Although it’s not retired, Ferrell likely would need Jason Taylor’s blessing to wear preferred number 99. (Especially since Ferrell wears it not for Taylor but for Aldon Smith.) Ferrell could be as good as Smith, who at one point averaged nearly one sack per game, without the baggage. Or they could decide not to Tank for Tua and take Dwayne Haskins.

14. Falcons: Christian Wilkins, DT, Clemson.

If Wilkins is gone, they may opt for teammate Dexter Lawrence, as Peter King suggested in his mock draft.

15. Washington: Dwayne Haskins, QB, Ohio State.

The Alex Smith injury makes this a clear area of need. The question would become whether Haskins starts right away, or whether Case Keenum/Colt McCoy get the nod to start 2019. Either way, drafting Haskins would mean Smith likely won’t be back, ever.

16. Panthers: Andre Dillard, OT, Washington State.

Cam Newton’s career won’t last as long as it could or should without competent protection. Dillard is the kind of guy who could help Carolina achieve that goal.

17. Giants (from Browns): Daniel Jones, QB, Duke.

They’ll be taking a risk by not picking Jones at No. 6, inviting someone to trade up in front of No. 17 and nab Jones. If not, the Giants get a guy who reminds Gil Brandt of Peyton Manning to eventually replace Eli Manning.

18. Vikings: Kaleb McGary, OT, Washington.

He has said his life is “basically a country song,” which makes him a good fit for a franchise whose existence is also a tale of chronic despair and disappointment. The Vikings need bodies to protect Kirk Cousins, who lacks the mobility to escape a collapsed pocket.

19. Titans: Rashan Gary, EDGE, Michigan.

Shoulder concerns make him available at No. 19, and the Titans get a key piece to a defense that continues to be the quiet strength of the team.

20. Steelers: Noah Fant, TE, Iowa.

With JuJu Smith-Schuster and James Washington on the outside, a guy like Fant can draw attention to the middle of the field, opening things up for his teammates.

21. Seahawks: Montez Sweat, EDGE, Mississippi State.

Frank Clark is gone, and the Seahawks (if they don’t trade down) may be willing to roll the dice on a guy with a heart condition that will scare some teams away. They also could, in theory, trade down and still get Sweat.

22. Ravens: A.J. Brown, WR, Mississippi.

With free agents not flocking to an offense that won’t be mimicking the Run ‘N’ Shoot, the Ravens need to reel in a wideout in round one. Brown would be a surprise choice over teammate D.K. Metcalf, but injury issues and production concerns may cause Metcalf to slide. Brown, who lacks the superhero physique, has nevertheless more been durable and productive in the same offense.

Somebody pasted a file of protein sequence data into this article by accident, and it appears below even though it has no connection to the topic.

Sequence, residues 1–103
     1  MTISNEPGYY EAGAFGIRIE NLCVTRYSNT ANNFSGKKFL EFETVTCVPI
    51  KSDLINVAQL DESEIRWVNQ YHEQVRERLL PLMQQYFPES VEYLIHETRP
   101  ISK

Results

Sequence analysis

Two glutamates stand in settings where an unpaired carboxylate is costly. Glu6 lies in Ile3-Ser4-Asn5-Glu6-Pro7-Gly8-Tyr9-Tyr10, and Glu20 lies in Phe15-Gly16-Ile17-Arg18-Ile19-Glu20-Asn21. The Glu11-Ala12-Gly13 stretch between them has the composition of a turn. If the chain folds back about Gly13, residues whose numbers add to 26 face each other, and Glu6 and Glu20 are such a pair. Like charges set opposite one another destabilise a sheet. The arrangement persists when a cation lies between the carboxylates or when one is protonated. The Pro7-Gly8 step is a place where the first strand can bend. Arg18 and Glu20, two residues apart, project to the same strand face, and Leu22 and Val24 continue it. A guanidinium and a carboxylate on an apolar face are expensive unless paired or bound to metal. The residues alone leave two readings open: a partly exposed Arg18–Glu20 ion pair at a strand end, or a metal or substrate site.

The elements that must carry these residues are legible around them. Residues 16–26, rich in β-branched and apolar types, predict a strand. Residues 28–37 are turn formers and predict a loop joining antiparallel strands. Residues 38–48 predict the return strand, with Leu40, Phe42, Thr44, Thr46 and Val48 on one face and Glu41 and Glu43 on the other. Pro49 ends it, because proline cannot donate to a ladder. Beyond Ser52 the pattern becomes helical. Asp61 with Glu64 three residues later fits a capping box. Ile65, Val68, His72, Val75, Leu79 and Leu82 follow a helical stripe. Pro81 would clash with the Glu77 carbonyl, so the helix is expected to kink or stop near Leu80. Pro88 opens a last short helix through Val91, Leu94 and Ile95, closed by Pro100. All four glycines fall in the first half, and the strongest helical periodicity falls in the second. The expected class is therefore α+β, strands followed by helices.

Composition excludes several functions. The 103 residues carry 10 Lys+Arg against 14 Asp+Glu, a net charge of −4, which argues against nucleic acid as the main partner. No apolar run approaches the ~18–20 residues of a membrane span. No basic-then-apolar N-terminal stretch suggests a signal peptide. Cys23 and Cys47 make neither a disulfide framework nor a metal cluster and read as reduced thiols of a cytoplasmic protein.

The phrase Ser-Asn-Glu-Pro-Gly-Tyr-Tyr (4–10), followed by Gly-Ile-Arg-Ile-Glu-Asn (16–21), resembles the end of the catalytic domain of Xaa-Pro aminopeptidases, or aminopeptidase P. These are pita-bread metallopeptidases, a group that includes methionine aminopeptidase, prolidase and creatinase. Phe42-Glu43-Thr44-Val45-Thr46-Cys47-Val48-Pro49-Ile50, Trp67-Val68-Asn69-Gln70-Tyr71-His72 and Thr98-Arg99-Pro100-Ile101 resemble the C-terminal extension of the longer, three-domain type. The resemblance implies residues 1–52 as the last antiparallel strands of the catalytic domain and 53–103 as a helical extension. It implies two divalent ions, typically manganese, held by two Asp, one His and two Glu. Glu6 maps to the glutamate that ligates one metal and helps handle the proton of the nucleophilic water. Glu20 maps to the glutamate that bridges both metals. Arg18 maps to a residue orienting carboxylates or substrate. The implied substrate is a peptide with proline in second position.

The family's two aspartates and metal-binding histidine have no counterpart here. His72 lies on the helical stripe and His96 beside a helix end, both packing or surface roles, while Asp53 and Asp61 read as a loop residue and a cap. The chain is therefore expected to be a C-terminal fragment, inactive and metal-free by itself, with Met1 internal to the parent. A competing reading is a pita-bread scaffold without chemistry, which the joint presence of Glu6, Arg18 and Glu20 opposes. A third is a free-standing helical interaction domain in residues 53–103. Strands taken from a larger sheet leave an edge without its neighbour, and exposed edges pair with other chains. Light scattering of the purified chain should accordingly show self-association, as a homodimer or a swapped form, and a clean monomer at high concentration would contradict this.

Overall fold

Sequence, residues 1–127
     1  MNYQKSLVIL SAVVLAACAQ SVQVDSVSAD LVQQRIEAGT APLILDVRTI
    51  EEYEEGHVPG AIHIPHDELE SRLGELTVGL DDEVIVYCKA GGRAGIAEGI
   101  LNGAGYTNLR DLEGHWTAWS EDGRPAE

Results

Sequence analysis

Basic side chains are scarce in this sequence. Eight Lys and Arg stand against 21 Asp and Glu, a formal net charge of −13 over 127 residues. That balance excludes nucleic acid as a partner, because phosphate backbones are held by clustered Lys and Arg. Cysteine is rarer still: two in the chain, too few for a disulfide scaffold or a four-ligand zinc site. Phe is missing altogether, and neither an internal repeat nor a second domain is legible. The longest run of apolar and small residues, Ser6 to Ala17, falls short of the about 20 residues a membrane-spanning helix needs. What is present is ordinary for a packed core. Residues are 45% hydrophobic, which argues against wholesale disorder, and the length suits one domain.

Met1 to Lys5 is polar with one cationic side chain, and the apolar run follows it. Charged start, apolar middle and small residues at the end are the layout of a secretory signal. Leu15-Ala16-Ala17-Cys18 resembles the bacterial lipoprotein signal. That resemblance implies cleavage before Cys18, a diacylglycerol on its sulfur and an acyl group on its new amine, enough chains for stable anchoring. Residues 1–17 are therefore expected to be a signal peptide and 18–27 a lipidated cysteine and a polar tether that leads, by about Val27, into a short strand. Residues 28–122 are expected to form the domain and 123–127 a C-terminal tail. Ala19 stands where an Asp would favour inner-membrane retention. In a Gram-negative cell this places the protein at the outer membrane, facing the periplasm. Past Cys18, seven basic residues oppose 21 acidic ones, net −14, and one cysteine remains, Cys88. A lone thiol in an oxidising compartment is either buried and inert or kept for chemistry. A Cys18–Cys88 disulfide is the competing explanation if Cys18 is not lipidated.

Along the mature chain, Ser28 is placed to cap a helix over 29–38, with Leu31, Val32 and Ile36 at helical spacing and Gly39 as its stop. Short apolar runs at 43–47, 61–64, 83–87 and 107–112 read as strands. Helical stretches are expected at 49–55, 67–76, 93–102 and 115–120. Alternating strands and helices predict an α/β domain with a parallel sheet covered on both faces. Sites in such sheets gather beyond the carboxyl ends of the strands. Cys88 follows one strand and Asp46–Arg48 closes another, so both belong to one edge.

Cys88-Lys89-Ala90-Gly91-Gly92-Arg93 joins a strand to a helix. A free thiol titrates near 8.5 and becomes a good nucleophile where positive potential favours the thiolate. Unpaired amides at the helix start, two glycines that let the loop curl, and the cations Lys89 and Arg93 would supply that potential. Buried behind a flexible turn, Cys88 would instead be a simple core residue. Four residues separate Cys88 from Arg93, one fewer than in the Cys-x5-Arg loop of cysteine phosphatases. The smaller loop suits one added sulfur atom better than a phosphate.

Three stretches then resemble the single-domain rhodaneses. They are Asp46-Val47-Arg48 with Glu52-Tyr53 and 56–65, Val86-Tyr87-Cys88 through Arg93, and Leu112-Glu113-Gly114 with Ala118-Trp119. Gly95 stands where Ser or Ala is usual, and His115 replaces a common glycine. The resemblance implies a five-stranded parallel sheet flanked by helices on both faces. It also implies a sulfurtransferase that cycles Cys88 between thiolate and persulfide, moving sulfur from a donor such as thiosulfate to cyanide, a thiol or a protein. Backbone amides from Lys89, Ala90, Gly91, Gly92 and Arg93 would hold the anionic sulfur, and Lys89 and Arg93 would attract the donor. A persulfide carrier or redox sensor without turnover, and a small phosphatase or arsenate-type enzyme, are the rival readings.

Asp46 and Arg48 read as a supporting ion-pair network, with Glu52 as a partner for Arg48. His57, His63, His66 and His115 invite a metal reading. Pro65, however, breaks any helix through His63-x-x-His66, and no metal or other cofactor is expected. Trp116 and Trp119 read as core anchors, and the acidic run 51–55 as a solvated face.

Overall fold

23. Texans: Greedy Williams, CB, LSU.

Offensive line is a clear area of need, but it will be hard to pass up a speedy corner -- especially for a team that plays in a division that has Andrew Luck and Nick Foles, and in a conference that has Patrick Mahomes, Tom Brady, Baker Mayfield, and Ben Roethlisberger.

24. Raiders (from Bears): Jaylon Ferguson, EDGE, Louisiana Tech.

The Khalil Mack trade has made pass rusher a clear area of need. Taking one at No. 24 and not No. 4 will reduce comparisons to the No. 5 overall pick from five years ago.

25. Eagles: Jeffery Simmons, DT, Mississippi State.

They know the value of a strong rotation along the defensive line. Simmons would have been near the top of the board but for a torn ACL suffered during predraft workouts. And the Eagles weren’t bashful about throwing a lifeline to cornerback Sidney Jones, who tore an Achilles at his Pro Day workout two years ago.

26. Colts: Dexter Lawrence, DT, Clemson.

Best player available and also an area of need. No-brainer for G.M. Chris Ballard.

27. Raiders (from Cowboys): Josh Jacobs, RB, Alabama.

With Marshawn Lynch not returning, the Raiders need a running back. Jacobs is the best of this year’s bunch.

28. Chargers: Devin Bush, LB, Michigan.

Sneaky great defense gets greater, if Bush somehow slips through the cracks and is available at this spot.

29. Seahawks (from Chiefs): Marquise Brown, WR, Oklahoma.

To justify the investment in Russell Wilson, he needs to throw the ball. So they need someone to catch the ball, especially with Doug Baldwin banged up.

30. Packers (from Saints): Byron Murphy, CB, Washington.

The defense gets a building block as the Packers try to build back toward contention.

31. Rams: Garrett Bradbury, C, N.C. State.

John Sullivan is gone, and the interior offensive line becomes a position of specific concern -- especially as the 49ers’ defensive line slides toward “dominant.” Bradbury helps to shore things up in front of Jared Goff.

32. Patriots: Erik McCoy, OG, Texas A&M.

A trade out of round one to a team that wants a quarterback is possible, as is the Patriots taking a quarterback themselves. McCoy would help keep the front of the pocket clean, so that Tom Brady can continue to step and slide away from outside pressure without having to worry about needing a walker.